A Final Post.

After eleven years of nature blogging I’ve decided to draw a line in the sand. When this blog began on Blogger it was one of the early Australian nature oriented blogs, then, a Blogger database crash prompted the creation of the present iteration on bencruachan.org, the first post appearing on 11/11/2005. It initially focused mainly on birds, but gradually broadened to feature general natural history subjects, with the latest emphasis being moths. Since then Australian nature blogs have proliferated, with many equal to or better than any found on the World Wide Web, showcasing wonderful photography and interesting and informative comment. The blog will remain on line for a while and will then close, after that it may be accessed for reference in the National Library of Australia Pandora archive. I will continue to post nature observations on Twitter, and my other site Nature of Gippsland will continue to be published and updated. The bencruachan.org home page will remain on line after moving to another host, and something new may see the light of day there. Twitter and NOG will also carry notifications. So, thanks for reading, and goodbye from Ben Cruachan Natural History.

ben

It’s the time of year when Garden Orb Weavers have got their webs strung from every suitable anchor, trees, shrubs, buildings, the rotary clothes hoist etc. etc. A torch is essential for a night time ramble, to watch them building their wonderful constructions and to avoid blundering through them. They generally consume the webs in the morning and hide in their daytime retreat, which may be a secluded spot, or in this case a shelter made by silking two leaves together. The spider is in typical daytime pose in the second image.

retreat


orb weaver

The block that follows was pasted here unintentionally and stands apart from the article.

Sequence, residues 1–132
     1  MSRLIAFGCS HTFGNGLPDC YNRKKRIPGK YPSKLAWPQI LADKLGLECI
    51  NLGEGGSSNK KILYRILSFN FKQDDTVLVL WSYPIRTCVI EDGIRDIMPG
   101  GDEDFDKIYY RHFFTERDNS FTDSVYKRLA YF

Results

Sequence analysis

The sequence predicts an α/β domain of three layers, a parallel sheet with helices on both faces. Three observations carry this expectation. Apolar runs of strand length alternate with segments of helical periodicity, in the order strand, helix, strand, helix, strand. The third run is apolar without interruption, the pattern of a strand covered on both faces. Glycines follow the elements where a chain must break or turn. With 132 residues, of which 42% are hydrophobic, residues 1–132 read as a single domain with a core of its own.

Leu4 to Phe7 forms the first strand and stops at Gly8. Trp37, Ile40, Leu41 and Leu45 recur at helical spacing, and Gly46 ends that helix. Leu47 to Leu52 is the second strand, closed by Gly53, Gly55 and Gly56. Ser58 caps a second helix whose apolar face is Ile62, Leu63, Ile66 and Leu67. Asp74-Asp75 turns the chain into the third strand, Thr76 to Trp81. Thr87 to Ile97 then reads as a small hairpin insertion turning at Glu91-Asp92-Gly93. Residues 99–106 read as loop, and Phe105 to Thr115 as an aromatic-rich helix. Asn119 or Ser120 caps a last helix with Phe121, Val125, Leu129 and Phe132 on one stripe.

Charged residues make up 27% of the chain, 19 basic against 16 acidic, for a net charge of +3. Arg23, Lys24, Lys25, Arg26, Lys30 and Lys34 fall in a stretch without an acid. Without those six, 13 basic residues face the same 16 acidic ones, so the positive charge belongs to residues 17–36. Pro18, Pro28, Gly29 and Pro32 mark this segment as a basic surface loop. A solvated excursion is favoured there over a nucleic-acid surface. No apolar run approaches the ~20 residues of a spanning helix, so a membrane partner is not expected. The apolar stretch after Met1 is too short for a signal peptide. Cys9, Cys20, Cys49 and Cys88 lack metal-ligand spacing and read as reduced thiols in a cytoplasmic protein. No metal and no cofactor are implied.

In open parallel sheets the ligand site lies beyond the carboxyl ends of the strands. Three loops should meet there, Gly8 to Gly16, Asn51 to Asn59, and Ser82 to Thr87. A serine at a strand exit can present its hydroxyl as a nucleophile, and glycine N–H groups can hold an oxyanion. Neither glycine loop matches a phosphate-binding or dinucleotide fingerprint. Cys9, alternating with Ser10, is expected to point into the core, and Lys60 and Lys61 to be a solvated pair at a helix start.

We’ve watched this one with white markings on the body grow to a good size with web to match. She was photographed while putting the finishing touches to her web.

orb weaver

All sorts of creatures come to the moth light as I’ve said many times, and the last outing was no exception. Two specimens of this large antlion lacewing, Heoclisis fundata came in.

lacewing

Crane flies too, featured many times but still good for a showing, the second image is possibly a crane fly in the long-palped group, but I haven’t been able to confirm it.

crane fly


crane fly

Longicorn beetles are regulars with their spectacular antennae.

longicorn beetle

Flies of many kinds come in, this was one I hadn’t seen before. The vestigial second wings called halteres are clearly visible in the first image and can also be seen in the first crane fly.

fly


fly

Back to spiders, it’s also the time for huntsmen to roam the walls of the house, here’s a close up of a friendly big one on the brickwork.

huntsman

And going to the other extreme, while reading a book outside I felt something on my arm, it was a tiny jumping spider, and its photo was duly taken after transferring it to the brick wall. It is close to Holoplatys planissima.

holoplatys

Working in the greenhouse I noticed a colourful tiny spider on a potted Correa reflexa, the resulting photos showed it to be a lynx spider, Oxyopes species, probably either amoenus or molarius. My thanks as usual to Robert Whyte for identifications.

oxyopes


oxyopes

And returning to where this post started, I happened to go outside the other morning and saw an orb weaver on a thread between a callistemon and a cumquat three metres apart. While I watched, it gathered up all the previous night’s web, plus a catch, and moved along the thread into its daytime retreat in the cumquat.
Fascinating to watch.

orb weaver

Click to enlarge.

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